Guatemala - CEDAW - Violence Against Women - August 2017
Document: Guatemala - CEDAW - Violence Against Women - August 2017
Type: Intl Mechanism Submission
Issues: Accountability , Bias and Discrimination , Gender-Based Violence , International Advocacy , Women's Rights
Mechanism: UN Committee on the Elimination of Discrimination against Women
Report Type: Stakeholder Report
The Advocates for Human Rights submitted a stakeholder report on Guatemala's compliance with the Convention on the Elimination of All Forms of Discrimination Against Women (CEDAW) for CEDAW’s 68th session. The submission focused on Guatemala’s compliance with the convention relating to Guatemala’s legislative framework, domestic violence, access to justice, and marriage and family relations.
Violence against women remains a significant problem in Guatemala, with the impunity rate for crimes of violence against women estimated to be above 90 percent. During CEDAW's most recent review of Guatemala, the committee expressed concern on the lack of legal protections against discrimination against women, laws which discriminate against women, pervasive patriarchal stereotypes and attitudes, and the high rates of femicide and impunity for violence against women. The committee issued recommendations on measures for Guatemala to approach these issues.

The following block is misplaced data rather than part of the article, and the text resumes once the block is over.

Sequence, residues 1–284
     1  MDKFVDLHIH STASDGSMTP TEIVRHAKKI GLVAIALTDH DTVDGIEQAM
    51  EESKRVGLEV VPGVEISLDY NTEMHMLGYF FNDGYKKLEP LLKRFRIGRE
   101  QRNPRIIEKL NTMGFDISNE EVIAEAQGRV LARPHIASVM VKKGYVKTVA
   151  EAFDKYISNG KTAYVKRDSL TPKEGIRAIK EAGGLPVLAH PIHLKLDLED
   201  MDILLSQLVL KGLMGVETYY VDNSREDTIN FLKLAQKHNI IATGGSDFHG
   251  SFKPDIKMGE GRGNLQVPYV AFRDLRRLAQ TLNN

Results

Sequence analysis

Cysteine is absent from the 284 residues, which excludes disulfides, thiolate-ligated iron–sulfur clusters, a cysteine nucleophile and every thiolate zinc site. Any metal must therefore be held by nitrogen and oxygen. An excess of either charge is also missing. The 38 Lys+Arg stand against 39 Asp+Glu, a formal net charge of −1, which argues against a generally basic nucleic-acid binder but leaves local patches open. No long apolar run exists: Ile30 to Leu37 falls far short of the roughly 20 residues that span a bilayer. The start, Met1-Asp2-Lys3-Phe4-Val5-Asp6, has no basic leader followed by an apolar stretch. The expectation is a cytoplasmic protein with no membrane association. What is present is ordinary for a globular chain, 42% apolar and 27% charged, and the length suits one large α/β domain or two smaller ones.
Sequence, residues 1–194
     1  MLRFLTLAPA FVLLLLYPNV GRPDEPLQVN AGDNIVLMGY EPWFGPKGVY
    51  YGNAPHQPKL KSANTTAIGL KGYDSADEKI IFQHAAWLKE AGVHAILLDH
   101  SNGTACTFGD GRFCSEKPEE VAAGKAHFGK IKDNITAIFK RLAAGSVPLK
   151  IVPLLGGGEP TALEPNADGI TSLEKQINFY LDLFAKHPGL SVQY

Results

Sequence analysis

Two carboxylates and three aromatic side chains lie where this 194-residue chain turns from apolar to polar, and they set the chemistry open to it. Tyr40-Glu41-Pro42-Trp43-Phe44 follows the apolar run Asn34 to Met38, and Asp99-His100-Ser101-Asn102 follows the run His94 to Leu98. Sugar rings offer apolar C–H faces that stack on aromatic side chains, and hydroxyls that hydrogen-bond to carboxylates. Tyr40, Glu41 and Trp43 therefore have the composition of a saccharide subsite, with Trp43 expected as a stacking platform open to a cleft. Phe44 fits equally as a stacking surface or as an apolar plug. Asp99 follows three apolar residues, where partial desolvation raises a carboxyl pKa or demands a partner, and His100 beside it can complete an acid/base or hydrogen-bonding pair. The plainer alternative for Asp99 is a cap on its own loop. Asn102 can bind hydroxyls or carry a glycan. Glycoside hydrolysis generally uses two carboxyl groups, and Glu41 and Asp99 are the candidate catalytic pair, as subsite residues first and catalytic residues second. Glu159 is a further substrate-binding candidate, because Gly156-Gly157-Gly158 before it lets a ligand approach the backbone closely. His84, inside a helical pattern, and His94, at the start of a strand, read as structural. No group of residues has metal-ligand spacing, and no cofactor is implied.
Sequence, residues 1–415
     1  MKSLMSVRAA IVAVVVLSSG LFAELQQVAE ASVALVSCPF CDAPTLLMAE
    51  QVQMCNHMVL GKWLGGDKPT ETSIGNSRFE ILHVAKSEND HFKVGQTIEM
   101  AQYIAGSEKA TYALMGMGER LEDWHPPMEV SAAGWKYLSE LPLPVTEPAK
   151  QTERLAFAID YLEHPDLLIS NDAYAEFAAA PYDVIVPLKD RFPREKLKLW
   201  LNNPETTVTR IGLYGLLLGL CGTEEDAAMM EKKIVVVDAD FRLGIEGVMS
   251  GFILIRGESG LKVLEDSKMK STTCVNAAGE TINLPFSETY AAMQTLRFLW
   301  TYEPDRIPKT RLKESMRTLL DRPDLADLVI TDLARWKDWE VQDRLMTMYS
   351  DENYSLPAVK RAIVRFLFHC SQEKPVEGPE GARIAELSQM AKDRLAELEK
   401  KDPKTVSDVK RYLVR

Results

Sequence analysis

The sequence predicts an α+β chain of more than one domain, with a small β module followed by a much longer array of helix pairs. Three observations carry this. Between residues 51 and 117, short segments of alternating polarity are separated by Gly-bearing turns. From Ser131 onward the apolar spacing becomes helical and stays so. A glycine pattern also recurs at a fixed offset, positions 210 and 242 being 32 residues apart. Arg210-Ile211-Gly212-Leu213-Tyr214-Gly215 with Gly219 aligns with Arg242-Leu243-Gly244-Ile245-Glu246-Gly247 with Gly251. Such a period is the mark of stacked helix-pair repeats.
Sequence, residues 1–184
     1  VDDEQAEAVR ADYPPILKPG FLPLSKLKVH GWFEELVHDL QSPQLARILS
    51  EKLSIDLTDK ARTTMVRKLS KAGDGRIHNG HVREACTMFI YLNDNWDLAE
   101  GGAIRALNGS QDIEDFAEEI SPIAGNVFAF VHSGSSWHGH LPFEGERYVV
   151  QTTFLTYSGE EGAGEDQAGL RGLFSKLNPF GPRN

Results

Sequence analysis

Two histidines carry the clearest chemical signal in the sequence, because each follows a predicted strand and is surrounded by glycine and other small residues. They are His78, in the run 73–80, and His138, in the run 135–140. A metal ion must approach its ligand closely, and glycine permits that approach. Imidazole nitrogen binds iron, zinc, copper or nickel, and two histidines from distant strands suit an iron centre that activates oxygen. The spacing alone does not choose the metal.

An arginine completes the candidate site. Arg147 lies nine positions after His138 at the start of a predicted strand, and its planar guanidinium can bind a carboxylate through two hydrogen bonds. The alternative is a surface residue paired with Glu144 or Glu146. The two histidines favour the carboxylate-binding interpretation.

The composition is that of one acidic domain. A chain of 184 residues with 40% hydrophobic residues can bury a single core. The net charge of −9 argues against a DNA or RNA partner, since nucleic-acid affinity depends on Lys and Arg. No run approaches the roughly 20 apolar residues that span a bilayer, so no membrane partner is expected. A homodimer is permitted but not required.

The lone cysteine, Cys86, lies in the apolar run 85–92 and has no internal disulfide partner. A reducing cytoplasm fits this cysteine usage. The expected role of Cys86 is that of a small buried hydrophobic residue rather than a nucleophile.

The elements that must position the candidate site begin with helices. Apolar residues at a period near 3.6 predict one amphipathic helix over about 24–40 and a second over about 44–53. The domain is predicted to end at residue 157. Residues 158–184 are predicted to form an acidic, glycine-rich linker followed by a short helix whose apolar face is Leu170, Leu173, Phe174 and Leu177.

The submission also reports on issues related to Guatemala’s legislative framework. Since Guatemala’s last review it has expanded its Municipal and Criminal Codes to include further protections for women. Nevertheless, Guatemala lacks a national prohibition on discrimination against women. While there have been improvements to Guatemala’s laws on protection of women from femicide and sexual assault, in practice these laws are frequently not enforced by judges who are reluctant to punish perpetrators. Additionally, there remain areas of the law which discriminate against women, including areas of Family Law.
The submission also reports that police and other legal systems often fail to protect women from domestic violence. Women seeking help from police or from the legal system can be denied help and/or exposed to further violence. Even when women are granted some legal protections, those protections are often not adequate. Frequently, victims of domestic violence have to flee the country in order to escape their partners.